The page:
Tuesday, July 21, 2020

TV Tuesday: Atypical

As I mentioned this week in my Weekly Inspiration post (Lift Up Your Spirits), my idea of comfort TV is shows about teens and young people. I don't know why, but I love watching a show set in high school or college (or shortly after), especially in stressful times. Maybe it's because their problems are so very different from my own, and I already successfully survived that stage of my life. In any case, I have a new favorite show in this genre that also touches on the world of chronic conditions/disabilities: Atypical. I am completely obsessed with this show about an 18-year old boy with autism and his family.

Sam Gardner, played wonderfully by Keir Gilchrist, is an 18-year old with autism who is in his senior year of high school. His mother, Elsa, played by Jennifer Jason Leigh, has built her whole life around helping Sam overcome challenges, fighting battles to get him the rights and accommodations he needs, and making sure that Sam and his teen sister, Casey (played by Brigette Lundy-Paine), have perfect childhoods. She has a color-coded calendar on the wall, stacks of Post-Its at the ready, and she is generally super-mom in every respect. Her husband, Doug, played by Michael Rapaport, works as an EMT and loves both of his kids, though he's been far less involved in Sam's life than Elsa has. Sam's therapist, Julia (played by Amy Okuda), encourages him to take steps toward independence, and when Sam says he wants a girlfriend, Julia is supportive. Sam's newfound independence, though, completely disrupts Elsa's life, leaving her to wonder what her role is now. Sam gets questionable (hilarious) dating advice from his best--and only--friend, Zahid (played by Nik Dodani), who works with him at the local electronics store. Meanwhile, Casey struggles with the decision of whether to leave her public high school when she is recruited by a fancy private school for their track team. Through the three seasons (so far), Sam takes increasing steps away from dependency into his adult life, while the rest of the family tries to adjust and deals with their own issues.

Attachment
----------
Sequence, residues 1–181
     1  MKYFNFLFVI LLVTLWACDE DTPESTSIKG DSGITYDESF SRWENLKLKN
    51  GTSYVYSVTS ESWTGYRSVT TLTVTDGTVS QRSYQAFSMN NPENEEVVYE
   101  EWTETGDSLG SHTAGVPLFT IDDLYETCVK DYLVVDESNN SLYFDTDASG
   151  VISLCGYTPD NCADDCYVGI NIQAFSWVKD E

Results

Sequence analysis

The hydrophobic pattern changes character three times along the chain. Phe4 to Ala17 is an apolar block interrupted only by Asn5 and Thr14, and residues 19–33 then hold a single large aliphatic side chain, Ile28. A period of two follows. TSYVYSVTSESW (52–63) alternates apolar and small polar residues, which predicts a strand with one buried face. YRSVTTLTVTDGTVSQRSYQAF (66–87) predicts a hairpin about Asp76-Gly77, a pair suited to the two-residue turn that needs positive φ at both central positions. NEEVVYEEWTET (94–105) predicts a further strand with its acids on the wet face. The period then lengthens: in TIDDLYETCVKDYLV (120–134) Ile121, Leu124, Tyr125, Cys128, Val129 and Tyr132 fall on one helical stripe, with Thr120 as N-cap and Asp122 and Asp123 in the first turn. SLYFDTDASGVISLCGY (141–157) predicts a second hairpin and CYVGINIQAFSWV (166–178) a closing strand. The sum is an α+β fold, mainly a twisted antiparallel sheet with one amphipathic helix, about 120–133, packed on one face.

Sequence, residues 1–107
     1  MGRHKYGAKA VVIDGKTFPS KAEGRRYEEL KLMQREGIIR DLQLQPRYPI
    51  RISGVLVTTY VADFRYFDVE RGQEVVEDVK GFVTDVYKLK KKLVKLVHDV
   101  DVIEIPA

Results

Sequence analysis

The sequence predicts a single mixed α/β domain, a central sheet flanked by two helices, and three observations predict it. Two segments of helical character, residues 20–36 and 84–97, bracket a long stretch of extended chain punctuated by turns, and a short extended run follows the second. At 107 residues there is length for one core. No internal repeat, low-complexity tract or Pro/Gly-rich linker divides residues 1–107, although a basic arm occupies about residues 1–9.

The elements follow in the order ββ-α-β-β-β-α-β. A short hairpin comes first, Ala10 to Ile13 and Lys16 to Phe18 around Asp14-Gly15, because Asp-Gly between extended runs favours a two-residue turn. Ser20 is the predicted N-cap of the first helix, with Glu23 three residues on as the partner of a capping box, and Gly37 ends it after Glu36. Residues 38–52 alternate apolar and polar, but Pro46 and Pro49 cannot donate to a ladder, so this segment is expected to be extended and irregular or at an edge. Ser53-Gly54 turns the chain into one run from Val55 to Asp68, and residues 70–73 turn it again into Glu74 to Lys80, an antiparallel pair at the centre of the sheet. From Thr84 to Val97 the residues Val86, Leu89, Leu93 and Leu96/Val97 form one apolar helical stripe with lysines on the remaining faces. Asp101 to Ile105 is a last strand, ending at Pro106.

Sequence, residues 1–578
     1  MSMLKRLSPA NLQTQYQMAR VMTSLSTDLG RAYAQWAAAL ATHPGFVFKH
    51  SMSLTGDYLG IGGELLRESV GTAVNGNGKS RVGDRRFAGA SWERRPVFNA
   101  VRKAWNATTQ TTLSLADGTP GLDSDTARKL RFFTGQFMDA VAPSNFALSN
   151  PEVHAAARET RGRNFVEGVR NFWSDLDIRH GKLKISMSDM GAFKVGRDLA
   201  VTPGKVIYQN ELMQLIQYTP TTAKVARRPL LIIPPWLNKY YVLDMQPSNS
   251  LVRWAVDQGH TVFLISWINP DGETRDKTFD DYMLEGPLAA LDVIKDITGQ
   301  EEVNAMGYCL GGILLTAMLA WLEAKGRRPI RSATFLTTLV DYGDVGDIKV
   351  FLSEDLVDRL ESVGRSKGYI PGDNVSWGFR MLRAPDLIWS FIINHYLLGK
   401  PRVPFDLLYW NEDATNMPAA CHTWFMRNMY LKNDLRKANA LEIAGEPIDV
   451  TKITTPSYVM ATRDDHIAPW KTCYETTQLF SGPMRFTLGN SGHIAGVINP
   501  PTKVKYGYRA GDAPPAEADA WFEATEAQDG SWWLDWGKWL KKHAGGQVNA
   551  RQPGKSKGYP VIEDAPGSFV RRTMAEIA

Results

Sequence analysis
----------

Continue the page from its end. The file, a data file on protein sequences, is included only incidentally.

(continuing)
I love everything about this show! Though I was unfamiliar with any of the actors other than Jennifer Jason Leigh, the entire cast is outstanding, and I like all of the characters. Gilchrist is particularly convincing in his portrayal of a young man with autism (I was actually surprised to find on his IMDB page that he's not autistic himself). The relationships between the characters and especially the family members are warm and lovingly portrayed, including the inherent paradox for Sam and Casey of her sometimes have to take care of her older brother. The show is by turns moving, thoughtful, and funny. From my role as the parent of (at one point) two kids with chronic illnesses, who required accommodations at school, much of the show--and especially Elsa's role--are very true-to-life and an accurate representation of how one person's condition can affect the whole family (don't worry--I understand that autism is not an illness, but many of the challenges in life are similar; there is a lot here I could relate to). On the other hand, I am also learning a lot about autism specifically, which has been very enlightening. It is dealt with honestly, openly, and, from what I understand from others, accurately. I love this family, and I love this show! I am now into season three and dreading when I finish it (though I see that a fourth season is planned).

Atypical is a Netflix original, so it is available on Netflix.

Check out the trailer to see a glimpse of the family dynamics and the fabulous humor in this show:

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